image.png

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45 minutes ago, kilavos said:

(1) That's what I tried to explain earlier: Search input "@" or "!" or "." in my platform - Windows 10 - does not return any result if I have tags with these prefixes. Is this different in your platform?

Just typing @ gives me a dropdown of all my @ tags  (Mac/ipad Platform)
I can also see all my @ tags in the sidebar
I can also 
search for tag:@*

>>A result=list will be listed only after input of 2 = two letters e.g using your tag "@London"
I could work with that, however this may because I don't have that many tags

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1 hour ago, csihilling said:

The thing I have never understood is the desire to prefix tags with things like "city".  For me if I know it is a city why not just start typing the city name until it is alone in the drop down as opposed to typing city and then the city name.  Seems like extra work particularly if you prefer to use the keyboard as much as you can.  It does help with a global city search though.  It would take longer to expand a City parent tag and Shift-left click and do an any search.

In many databased progs you will find combi-fields with given entries to make choice or input easier, to avoid mistakes. Same here. It's not much work in my mind writing "cit_" and make a decision from the list entries.

With the prefix "cit_" I can see at one glance how many and which cities are in my tag collection.

A third point: in some tag trees there are names of e.g. media - nearly 50 -  and I'am not able to remember the spelling, long form? short form ...therefore I use "media_"as prefix.

 

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2 hours ago, DTLow said:

Just typing @ gives me a dropdown of all my @ tags  (Mac/ipad Platform)
I can also see all my @ tags in the sidebar
I can also 
search for tag:@*

I checked this again with W10 - none of the 3 options you mentioned did work. Obviously depends on the platform.

Nevertheless I do not see any benefit in prefixing with "@" etc. as explained. I do not want to see all WHERE-classes (@...), which means level 1, but all cities or all countries or all places... If looking for a certain project I must not get all WHAT-classes, but "proj_.." only.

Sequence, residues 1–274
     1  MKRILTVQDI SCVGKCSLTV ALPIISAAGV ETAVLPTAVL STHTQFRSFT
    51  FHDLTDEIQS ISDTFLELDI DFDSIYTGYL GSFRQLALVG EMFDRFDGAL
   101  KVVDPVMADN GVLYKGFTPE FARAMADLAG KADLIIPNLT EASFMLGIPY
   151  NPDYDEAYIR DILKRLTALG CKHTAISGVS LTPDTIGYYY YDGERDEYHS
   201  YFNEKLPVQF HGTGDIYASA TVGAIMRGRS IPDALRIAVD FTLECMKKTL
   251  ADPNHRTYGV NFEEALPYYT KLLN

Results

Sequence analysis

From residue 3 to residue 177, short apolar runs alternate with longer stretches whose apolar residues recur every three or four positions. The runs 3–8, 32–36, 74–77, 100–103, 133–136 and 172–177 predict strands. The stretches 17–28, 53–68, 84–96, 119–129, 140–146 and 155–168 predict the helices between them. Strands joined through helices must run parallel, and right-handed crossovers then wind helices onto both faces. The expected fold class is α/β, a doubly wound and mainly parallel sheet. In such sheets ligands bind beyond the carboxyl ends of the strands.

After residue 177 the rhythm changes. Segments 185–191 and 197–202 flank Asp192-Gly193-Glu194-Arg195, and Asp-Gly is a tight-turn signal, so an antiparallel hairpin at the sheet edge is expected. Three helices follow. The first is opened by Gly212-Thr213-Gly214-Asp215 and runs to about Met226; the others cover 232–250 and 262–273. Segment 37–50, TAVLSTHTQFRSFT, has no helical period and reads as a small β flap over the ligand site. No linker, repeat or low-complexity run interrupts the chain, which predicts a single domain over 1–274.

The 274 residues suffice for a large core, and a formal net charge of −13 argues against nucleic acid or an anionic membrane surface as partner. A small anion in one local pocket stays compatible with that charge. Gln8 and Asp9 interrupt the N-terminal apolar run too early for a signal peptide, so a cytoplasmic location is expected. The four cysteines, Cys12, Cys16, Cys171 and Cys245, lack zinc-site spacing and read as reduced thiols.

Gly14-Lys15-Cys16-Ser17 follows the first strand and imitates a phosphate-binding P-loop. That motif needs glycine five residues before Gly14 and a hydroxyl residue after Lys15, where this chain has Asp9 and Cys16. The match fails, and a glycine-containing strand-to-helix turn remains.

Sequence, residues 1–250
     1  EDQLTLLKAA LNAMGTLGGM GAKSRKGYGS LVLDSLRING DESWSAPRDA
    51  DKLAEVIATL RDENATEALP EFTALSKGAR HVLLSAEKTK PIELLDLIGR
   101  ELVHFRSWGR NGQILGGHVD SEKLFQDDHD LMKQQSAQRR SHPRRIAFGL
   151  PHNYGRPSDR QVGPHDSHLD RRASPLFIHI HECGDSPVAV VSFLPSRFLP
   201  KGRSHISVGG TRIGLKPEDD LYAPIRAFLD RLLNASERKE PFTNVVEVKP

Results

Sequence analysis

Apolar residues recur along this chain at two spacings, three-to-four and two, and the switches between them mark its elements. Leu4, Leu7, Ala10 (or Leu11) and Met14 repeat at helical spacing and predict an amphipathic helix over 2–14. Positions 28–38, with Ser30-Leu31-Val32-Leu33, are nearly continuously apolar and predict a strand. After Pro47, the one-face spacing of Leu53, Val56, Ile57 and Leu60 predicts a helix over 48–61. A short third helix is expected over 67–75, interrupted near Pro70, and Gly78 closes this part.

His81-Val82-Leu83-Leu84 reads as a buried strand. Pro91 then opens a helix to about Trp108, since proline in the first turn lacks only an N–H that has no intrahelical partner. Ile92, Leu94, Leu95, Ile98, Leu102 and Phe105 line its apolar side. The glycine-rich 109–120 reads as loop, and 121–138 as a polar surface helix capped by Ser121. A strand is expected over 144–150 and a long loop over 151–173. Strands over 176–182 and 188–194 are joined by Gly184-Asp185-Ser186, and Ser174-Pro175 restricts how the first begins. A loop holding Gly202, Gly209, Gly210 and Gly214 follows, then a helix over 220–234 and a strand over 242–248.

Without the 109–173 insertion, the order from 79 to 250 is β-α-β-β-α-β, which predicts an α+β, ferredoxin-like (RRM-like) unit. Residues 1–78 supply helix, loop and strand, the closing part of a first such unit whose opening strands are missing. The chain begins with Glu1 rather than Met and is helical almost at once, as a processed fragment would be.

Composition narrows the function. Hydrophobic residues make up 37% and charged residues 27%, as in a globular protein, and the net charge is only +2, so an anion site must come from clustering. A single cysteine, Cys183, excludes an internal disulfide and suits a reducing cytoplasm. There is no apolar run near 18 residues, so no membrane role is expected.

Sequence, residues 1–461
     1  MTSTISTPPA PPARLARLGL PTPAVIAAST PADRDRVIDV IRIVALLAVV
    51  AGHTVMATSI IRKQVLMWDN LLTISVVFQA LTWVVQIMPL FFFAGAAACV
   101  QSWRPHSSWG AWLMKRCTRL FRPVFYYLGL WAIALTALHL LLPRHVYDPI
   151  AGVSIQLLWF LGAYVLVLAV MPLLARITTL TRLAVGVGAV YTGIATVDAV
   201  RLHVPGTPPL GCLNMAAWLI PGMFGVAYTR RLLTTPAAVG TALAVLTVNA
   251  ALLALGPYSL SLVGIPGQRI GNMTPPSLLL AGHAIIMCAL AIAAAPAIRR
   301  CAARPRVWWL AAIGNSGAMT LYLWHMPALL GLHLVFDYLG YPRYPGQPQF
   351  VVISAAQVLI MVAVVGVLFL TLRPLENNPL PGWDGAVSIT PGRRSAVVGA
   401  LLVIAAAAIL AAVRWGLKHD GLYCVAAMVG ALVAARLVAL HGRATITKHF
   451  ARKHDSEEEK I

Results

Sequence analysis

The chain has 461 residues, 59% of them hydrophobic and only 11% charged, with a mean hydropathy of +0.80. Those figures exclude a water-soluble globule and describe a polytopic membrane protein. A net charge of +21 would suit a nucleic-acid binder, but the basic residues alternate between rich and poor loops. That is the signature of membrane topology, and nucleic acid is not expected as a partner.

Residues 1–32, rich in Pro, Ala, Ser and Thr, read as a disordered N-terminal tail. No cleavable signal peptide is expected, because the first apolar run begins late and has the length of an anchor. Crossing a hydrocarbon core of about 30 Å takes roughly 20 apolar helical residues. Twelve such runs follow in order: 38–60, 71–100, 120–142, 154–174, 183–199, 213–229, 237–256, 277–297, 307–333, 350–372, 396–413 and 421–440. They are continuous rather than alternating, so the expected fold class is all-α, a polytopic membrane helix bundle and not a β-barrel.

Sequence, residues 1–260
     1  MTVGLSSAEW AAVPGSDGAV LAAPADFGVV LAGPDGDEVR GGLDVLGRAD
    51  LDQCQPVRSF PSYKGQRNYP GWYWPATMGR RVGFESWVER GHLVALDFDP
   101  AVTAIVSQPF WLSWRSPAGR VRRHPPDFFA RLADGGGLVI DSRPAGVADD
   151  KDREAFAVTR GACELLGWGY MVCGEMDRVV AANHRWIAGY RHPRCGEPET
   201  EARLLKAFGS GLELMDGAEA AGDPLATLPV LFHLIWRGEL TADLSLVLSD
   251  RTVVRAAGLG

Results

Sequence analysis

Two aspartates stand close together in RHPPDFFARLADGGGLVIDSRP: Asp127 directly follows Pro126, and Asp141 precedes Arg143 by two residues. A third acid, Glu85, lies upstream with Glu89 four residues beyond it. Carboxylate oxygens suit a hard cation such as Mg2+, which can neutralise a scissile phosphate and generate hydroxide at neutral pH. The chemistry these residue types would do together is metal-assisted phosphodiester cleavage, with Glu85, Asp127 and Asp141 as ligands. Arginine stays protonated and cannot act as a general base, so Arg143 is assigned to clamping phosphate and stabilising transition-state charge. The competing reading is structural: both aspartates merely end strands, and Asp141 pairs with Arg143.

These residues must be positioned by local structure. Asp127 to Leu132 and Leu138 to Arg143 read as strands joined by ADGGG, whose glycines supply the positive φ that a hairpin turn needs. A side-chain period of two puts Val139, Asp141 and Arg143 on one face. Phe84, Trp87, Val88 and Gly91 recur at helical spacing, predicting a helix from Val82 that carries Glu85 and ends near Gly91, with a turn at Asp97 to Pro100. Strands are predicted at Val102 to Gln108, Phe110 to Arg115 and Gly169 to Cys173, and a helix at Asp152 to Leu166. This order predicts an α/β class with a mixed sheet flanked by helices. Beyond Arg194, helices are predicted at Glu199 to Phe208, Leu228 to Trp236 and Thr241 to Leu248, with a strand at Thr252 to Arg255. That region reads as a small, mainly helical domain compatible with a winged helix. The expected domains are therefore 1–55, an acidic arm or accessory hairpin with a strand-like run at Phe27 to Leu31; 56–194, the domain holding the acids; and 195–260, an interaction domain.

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4 hours ago, kilavos said:

In many databased progs you will find combi-fields with given entries to make choice or input easier, to avoid mistakes. Same here. It's not much work in my mind writing "cit_" and make a decision from the list entries.

With the prefix "cit_" I can see at one glance how many and which cities are in my tag collection.

A third point: in some tag trees there are names of e.g. media - nearly 50 -  and I'am not able to remember the spelling, long form? short form ...therefore I use "media_"as prefix.

 

Get all that.  Just seems like extra typing to me.  ;)

Hence the reality there is not one Rx for using notebooks and tags.  Preferences and use cases are not all the same.

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14 hours ago, csihilling said:

But, again, that's my use case and others are very comfortable with the prefixes.

The reason for my "black thoughts..." was presenting some ideas, experiences etc. which might improve the practical use of Evernote with the given tasks and options (which are not so obvious as it seems to be). The idea for this and the feedback likewise was not defending one's own position/use, but frank discussion with arguments PRO & CON, checking benefits, handicaps. It's not my idea to get a unique solution at the end of discussion. 

"But, again, that's my use case..." means "anything goes" and is postmodern philosophy, but not a real argument to discuss with. Earth a spherical oject? Earth is flat - fits for me.

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Or it simply means use the right tool for the job.  More pragmatism then anything else if a label is needed.

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On 9. März 2016 at 5:45 PM, kilavos said:

Are you really sure? The structure gives you a logical classification and within each level an alphabetical sorting. Could you live without when working with 350 objects?

unfortunately there is no tag structure available on iOS - there is one, but it's not displayed on that platform.

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There are advantages and disadvantages to any tag naming convention / structure. It really comes down to whether you like to view your tags as folders / categories or actual tags. Both are valid (but adding some sort of "NB" prefix seems to add no value.)

The Secret Weapon method of using tags to establish a workflow makes no sense to me though (e.g., "1-Now", "2-Soon", "6-Waiting"). Why would I establish a workflow with tags, when any given item can only exist in one state at a time and there are only a handful of states... NOTEBOOKS are perfect for this. I use notebooks in conjunction with reminders to establish a workflow, and tags to categorize information. Once a tag goes on, it doesn't change, but a note will move from notebook to notebook. If I tried to do this TSW way, I'd have to constantly add/remove tags and worry about accidentally missing a tag.